State and explain any five classes of shares a public limited company can issue.
Different classes of shares a public limited company can issue are:
(i) Ordinary shares
(ii) Cumulative preference shares
(iii) Preference shares
(iv) Participating preference shares
(v) Redeemable preference shares.
(vi) Differed or founder’s shares.
(i) Ordinary shares; are also known as ” equities” as they rank equally. Holders are the real owners of public limited companies. They receive dividends only after other fixed interest holders have been paid. Holders of ordinary shares can vote and be voted for. Ordinary shares are not redeemable and there is no fixed rate of dividend.
(ii) In cumulative preference shares; the holders have priority in the share of dividends over others. They get arrears of dividends not paid before other classes get dividends. The holders have no voting rights. The shares receive the fixed dividends.
(iii) Preference shares; have fixed rate of dividend. The owners receive dividends first before all others. The holders are also entitled to return of capital first at winding-up. Holders have no voting rights.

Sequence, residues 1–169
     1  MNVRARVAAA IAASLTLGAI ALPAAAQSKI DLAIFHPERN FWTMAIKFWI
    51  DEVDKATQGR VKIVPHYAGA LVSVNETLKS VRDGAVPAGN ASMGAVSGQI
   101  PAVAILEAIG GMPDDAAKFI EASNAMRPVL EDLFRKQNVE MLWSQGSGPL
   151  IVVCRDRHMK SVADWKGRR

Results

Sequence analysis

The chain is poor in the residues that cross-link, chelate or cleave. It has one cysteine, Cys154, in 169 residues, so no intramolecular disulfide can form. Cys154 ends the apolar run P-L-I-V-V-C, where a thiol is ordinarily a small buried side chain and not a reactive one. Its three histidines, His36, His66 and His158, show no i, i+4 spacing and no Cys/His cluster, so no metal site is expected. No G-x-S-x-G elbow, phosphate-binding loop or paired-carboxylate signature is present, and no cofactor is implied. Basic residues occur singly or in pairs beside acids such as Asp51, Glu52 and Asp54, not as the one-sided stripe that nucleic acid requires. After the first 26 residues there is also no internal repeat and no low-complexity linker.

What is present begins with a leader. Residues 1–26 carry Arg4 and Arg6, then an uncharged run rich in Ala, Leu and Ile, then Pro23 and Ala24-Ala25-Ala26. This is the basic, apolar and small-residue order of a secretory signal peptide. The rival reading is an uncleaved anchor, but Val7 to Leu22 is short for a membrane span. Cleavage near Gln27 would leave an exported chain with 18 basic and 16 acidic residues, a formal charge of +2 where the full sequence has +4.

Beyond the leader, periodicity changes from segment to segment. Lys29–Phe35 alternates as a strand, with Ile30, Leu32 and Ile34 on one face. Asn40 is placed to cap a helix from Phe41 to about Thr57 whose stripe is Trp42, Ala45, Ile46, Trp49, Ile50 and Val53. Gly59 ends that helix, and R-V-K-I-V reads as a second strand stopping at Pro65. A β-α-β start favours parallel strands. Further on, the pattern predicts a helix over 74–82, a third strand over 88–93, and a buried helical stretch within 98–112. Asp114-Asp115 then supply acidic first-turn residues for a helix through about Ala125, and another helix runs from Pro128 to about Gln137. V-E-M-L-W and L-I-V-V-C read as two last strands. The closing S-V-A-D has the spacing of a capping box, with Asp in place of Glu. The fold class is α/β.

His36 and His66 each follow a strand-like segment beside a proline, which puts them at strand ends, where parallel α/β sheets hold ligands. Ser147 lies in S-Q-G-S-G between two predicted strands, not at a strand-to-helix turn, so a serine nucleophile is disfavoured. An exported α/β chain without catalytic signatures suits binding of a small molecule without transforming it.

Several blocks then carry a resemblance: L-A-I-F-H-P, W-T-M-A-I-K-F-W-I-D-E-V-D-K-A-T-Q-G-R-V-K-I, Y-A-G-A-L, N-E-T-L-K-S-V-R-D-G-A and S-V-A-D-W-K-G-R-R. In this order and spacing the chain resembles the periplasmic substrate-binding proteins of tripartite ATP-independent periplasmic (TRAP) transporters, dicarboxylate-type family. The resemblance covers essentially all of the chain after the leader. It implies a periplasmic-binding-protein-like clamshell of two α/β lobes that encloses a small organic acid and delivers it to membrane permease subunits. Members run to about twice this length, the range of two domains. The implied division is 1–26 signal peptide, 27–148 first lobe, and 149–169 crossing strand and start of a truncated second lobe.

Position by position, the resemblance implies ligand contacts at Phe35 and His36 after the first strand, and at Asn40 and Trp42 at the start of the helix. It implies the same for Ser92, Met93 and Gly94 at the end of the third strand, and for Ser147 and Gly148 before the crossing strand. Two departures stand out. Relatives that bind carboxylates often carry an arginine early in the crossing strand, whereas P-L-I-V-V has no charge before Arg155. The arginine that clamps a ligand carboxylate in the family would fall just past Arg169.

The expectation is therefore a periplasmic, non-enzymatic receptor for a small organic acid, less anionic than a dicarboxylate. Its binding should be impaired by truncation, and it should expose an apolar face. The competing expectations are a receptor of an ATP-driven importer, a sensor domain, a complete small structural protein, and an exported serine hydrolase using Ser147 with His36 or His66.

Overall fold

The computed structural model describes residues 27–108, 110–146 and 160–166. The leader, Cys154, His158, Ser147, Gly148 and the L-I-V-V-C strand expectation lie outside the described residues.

(iv) Participating preference; shares receive a fixed rate of dividend like other preference shares. They also get dividends first before the ordinary shares. They are entitled to further dividends after the ordinary shares have received a specified percentage of the profits.
(v) Redeemable preference; shares have prior claims before all other preference shares. They have the disadvantage of being bought back by the company. Hence, the name, redeemable. The companies use their profits or proceeds of further issue: shares to buy back these shares. These types of shares are issued to finance particular projects to be repaid when the project is completed.
(vi) Differed or Founder’s shares; are issued to the founders of the company. They are no longer common in public limited companies. Holders have the right to the remaining profit after ordinary shares have received the stated amount. They are often issued as part payment to the owners of a company that have been bought up.